Police are being used frequently as the default service to respond to people with mental health problems.
The report was commissioned by Her Majesty’s Inspectorate of Constabulary and Fire and Rescue Services (HMICFRS) and they concluded that the mental health services are failing people at their most vulnerable. The officers have been described as “overstretched” and “overwhelmed” after they’ve been deployed at times where other services should have taken responsibility.
However, the report also praised the police for “doing a good job in difficult circumstances” and “dealing with mental health calls with care and compassion”. Yet, they received grave concerns surrounding the issue on the demand of officers and called for fundamental change in the way those with mental health problems are supported by the state.
In August 2018, Greater Manchester Police, also known as GMP, launched a Control Room Triage service which is co-funded by three Greater Manchester Clinical Commissioning Groups (CCGs) as well as the Greater Manchester Combined Authority (GMCA).
The service will work alongside NHS professionals to reduce the demand on police staff by using the expertise of trained medical health professionals. They have now been relocated to GMP’s communications centre. The staff provide expert clinical advice to support officers with decision making processes and if appropriate, they will mitigate the unnecessary deployment of officers.
The triage service ensures people living with mental health issues get the care they need sooner opposed to later. This also allows police to protect the most vulnerable at times of crisis, ensuring the best outcomes for them at the earliest opportunity.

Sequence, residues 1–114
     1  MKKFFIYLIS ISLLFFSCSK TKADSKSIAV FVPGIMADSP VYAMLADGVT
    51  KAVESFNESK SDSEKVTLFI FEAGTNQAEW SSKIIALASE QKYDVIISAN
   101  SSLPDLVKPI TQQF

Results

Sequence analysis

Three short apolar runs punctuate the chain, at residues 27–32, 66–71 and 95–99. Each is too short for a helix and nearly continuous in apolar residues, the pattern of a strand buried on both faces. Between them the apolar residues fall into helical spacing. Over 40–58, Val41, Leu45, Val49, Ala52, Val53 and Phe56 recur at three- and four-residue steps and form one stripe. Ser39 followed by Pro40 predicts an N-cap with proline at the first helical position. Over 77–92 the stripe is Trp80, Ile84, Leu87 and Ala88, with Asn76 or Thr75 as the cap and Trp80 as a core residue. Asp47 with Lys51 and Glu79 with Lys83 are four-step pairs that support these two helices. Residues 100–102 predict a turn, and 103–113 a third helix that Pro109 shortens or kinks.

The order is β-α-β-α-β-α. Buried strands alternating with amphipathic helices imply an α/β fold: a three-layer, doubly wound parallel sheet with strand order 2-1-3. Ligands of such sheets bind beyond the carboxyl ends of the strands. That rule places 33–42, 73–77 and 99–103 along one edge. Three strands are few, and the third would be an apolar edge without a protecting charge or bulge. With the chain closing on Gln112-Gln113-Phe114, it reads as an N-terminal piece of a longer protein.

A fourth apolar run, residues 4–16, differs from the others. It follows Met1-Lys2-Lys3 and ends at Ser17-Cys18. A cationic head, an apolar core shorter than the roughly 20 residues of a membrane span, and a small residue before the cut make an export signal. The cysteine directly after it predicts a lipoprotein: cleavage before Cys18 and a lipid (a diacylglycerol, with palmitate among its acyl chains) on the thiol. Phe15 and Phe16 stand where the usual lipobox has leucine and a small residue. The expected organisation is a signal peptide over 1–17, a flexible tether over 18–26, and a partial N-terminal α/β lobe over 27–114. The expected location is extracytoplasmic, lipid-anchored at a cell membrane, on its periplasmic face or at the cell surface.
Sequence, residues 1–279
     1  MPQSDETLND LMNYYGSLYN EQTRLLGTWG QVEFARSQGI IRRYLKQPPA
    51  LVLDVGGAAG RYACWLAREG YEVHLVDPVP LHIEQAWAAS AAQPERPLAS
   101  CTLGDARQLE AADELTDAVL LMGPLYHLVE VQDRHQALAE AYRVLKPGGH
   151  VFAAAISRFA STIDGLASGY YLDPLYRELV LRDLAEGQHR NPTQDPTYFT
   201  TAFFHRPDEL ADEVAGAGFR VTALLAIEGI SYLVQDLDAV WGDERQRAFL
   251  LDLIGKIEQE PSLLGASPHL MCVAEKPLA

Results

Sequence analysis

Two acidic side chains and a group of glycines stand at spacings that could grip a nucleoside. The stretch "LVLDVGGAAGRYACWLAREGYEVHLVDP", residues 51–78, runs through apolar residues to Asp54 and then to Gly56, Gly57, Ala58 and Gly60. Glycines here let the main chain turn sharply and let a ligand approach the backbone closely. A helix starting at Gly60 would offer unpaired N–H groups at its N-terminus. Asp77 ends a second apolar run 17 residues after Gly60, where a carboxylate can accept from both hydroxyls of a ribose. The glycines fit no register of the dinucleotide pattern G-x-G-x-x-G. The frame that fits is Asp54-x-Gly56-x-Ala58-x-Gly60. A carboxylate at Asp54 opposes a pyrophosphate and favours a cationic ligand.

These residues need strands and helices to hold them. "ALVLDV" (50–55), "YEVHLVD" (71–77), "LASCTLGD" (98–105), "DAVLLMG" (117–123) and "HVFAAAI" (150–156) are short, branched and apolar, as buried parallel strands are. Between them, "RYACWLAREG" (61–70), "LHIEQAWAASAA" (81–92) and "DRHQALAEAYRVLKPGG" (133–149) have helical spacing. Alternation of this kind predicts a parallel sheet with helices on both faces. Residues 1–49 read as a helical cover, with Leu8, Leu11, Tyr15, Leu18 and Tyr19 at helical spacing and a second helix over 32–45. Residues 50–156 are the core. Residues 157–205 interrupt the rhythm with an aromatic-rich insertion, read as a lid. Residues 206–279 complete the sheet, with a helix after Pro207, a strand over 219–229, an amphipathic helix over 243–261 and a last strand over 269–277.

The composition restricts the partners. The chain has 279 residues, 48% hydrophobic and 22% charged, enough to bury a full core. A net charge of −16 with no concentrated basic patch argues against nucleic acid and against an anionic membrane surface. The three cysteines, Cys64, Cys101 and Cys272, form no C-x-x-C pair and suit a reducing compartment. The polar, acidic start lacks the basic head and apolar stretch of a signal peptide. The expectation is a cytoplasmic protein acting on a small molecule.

Rob Potts, Assistant Chief Constable at Greater Manchester Police said: “While the report has praised the police for their efforts, it has raised issues of concern regarding the service that people with mental health receive and the huge drain this places on police resources. Notwithstanding this, we are proud of the partnership we have established with the NHS to take the first step to improve this.”
Deputy Mayor of Greater Manchester Bev Hughes added: “HMICFRS’ assessment that ‘the police should be the last resort, not the first port of call’ when dealing with people with mental health problems is something that resonates with me and partner agencies here in Greater Manchester. We recognised a long time ago the untenable demand of mental health on an already stretched police service.
“People in crisis need help and support from the right people, in the right setting and this has driven our transformation of mental health crisis care. The Control Room Triage service is an example of how we are doing things differently and we will continue to build on this work to reduce demand and protect vulnerable people.”
If you or someone you know is suffering from mental health problems, there is available support that you can contact. The Samaritans, Mind and The Sanctuary are all charities aside from the NHS that have helplines where you can call or email for advice.